Is Baby Shark playing on repeat in your mind? Unfortunately this invasive earworm isn’t going anywhere soon. So, in the spirit of “if you can’t beat ’em, join ’em” we put together a list of Baby Shark covers in six different genres of music that just might be more tolerable than the original.

For example, if you enjoy listening to R&B – then you might prefer to have an R&B version stuck in your head.

“Might” is the key word here folks, please keep in mind this type of therapy is completely experimental. Proceed at your own risk.

1. R&B

Desmond Dennis was once a member of a boy band called SJ3. Since going solo in 2014 he’s been covering songs R&B style. He must be on to something given his Baby Shark remix has logged over a million views.


If classical string instruments are more your style, meet violin player Kezia Amelia from Indonesia. Her version has racked up over a million views.


MrLopez2112 is a gifted guitar player who does instrumental covers and original songs. He specializes in anime and video game stuff, but recently crossed over into children’s songs.


Joey Muha is a talented drummer who kicks up the drums portion of popular songs by drumming live overtop of them.

5. EDM

If you’re someone who digs dance music then you’re going to want to check out this little ditty released by Musicpedia. With over 4 million views the Baby Shark Bombstyle Remix has ignited dance floors across the globe.


If the previous progressive metal version wasn’t hardcore enough for you, meet Slay Duggee. They take a simple word or two and flush out a thrash metal piece.

Dad Grades- Red Forman from That ’70s Show

(20th Century Fox)

Hello, Wisconsin! This week on Dad Grades we’ll take a quick look at Red Forman, the always disgruntled patriarch of the Forman family on That ‘70s Show. What are his strengths as a dad? His weaknesses? Let’s take a look.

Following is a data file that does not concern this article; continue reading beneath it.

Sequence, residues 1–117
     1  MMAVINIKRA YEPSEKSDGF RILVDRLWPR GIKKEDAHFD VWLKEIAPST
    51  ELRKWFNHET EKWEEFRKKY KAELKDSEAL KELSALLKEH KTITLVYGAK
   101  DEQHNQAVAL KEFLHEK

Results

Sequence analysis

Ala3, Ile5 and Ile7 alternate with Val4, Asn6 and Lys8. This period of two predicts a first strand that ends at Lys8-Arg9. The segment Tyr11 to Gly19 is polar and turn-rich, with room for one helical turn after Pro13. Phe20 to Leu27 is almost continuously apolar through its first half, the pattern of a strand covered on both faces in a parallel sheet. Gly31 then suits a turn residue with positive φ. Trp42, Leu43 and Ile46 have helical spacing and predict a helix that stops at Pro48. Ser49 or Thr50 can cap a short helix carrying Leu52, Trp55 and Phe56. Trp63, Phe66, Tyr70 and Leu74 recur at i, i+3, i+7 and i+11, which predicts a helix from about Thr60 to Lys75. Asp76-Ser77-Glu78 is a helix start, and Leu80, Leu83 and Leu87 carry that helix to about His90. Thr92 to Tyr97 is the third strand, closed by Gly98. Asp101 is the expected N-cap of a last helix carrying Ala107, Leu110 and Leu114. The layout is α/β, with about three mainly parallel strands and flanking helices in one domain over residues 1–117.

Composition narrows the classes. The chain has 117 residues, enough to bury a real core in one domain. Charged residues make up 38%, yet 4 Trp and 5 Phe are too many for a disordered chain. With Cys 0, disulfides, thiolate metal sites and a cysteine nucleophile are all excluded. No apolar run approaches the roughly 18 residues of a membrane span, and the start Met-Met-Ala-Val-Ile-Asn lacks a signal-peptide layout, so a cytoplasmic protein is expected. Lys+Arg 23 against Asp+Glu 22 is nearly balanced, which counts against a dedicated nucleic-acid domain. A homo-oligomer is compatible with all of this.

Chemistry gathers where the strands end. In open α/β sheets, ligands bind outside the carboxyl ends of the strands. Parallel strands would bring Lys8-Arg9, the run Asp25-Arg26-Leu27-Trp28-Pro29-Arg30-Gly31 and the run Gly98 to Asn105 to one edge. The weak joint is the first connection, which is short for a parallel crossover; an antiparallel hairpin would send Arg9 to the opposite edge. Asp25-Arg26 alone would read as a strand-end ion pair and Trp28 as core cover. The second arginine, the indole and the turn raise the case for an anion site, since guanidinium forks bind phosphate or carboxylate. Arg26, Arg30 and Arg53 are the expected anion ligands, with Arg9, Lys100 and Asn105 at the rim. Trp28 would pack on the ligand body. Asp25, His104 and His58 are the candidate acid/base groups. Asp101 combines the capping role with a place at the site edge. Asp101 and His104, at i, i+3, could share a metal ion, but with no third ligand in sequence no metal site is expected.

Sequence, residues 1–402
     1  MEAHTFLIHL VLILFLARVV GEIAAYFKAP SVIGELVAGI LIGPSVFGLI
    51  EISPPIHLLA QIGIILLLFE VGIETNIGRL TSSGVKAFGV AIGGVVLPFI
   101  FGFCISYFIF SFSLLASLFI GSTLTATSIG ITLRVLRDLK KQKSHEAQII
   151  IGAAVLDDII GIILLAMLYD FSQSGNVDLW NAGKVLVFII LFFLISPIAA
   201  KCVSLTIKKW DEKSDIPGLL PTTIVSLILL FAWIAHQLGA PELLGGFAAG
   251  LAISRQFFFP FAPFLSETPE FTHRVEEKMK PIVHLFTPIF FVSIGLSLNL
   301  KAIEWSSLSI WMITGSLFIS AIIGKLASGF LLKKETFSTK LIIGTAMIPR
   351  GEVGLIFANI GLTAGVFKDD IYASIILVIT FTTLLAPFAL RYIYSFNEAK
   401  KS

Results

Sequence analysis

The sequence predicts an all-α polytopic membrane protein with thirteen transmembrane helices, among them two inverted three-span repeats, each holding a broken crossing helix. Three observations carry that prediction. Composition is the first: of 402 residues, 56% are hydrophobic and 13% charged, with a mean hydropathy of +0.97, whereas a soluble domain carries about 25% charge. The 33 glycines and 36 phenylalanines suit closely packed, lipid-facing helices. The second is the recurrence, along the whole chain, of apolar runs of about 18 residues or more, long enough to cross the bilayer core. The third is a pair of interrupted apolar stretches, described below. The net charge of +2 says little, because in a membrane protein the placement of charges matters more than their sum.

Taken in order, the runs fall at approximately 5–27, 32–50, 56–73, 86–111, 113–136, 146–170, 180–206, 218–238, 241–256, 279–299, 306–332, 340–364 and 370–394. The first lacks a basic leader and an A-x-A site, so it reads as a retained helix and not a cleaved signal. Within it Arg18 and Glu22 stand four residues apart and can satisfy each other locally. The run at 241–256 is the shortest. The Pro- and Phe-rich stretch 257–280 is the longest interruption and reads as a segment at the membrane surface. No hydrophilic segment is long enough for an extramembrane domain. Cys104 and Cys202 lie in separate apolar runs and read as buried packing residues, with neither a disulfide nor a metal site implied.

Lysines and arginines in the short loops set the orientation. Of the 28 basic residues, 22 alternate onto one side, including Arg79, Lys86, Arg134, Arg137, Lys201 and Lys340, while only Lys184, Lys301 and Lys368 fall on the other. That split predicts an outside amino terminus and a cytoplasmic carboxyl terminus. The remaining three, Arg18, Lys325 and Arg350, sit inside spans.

(20th Century Fox)

Red Forman has a very intricate relationship with his two children. He favors and spoils his daughter, Laurie, though he tends to fall for her manipulative daddy’s-girl act. That’s really on her though.

(20th Century Fox)

He’s constantly at odds with his son, Eric, whom he perceives to be weak and routinely calls a “dumbass.” But deep down we know he loves him. The best example of this is the season 6 episode “Sally Simpson,” in which a stress management specialist visits Red. When the specialist tells him Eric is the cause of all his stress, he yells at him and throws him out of the house. “My son is a fine young man,” he defends. Eric tries to thank him, but is once again told “shut up, dumbass.” We know tough love when we see it.

(20th Century Fox)


Red Forman is a stubborn, my-way-or-the-highway type of dad. He served in World War II as a US Navy sailor, and as a result became a very strict disciplinarian with his kids and suffers from what we’ll call “resting no-nonsense face.”

(20th Century Fox)

He has great difficulty saying the phrase “I love you.” We here at The Dad believe fatherhood should be enjoyable, fair, and full of enthusiasm. Constantly threatening to put your foot in someone’s ass isn’t it, fam.

(20th Century Fox)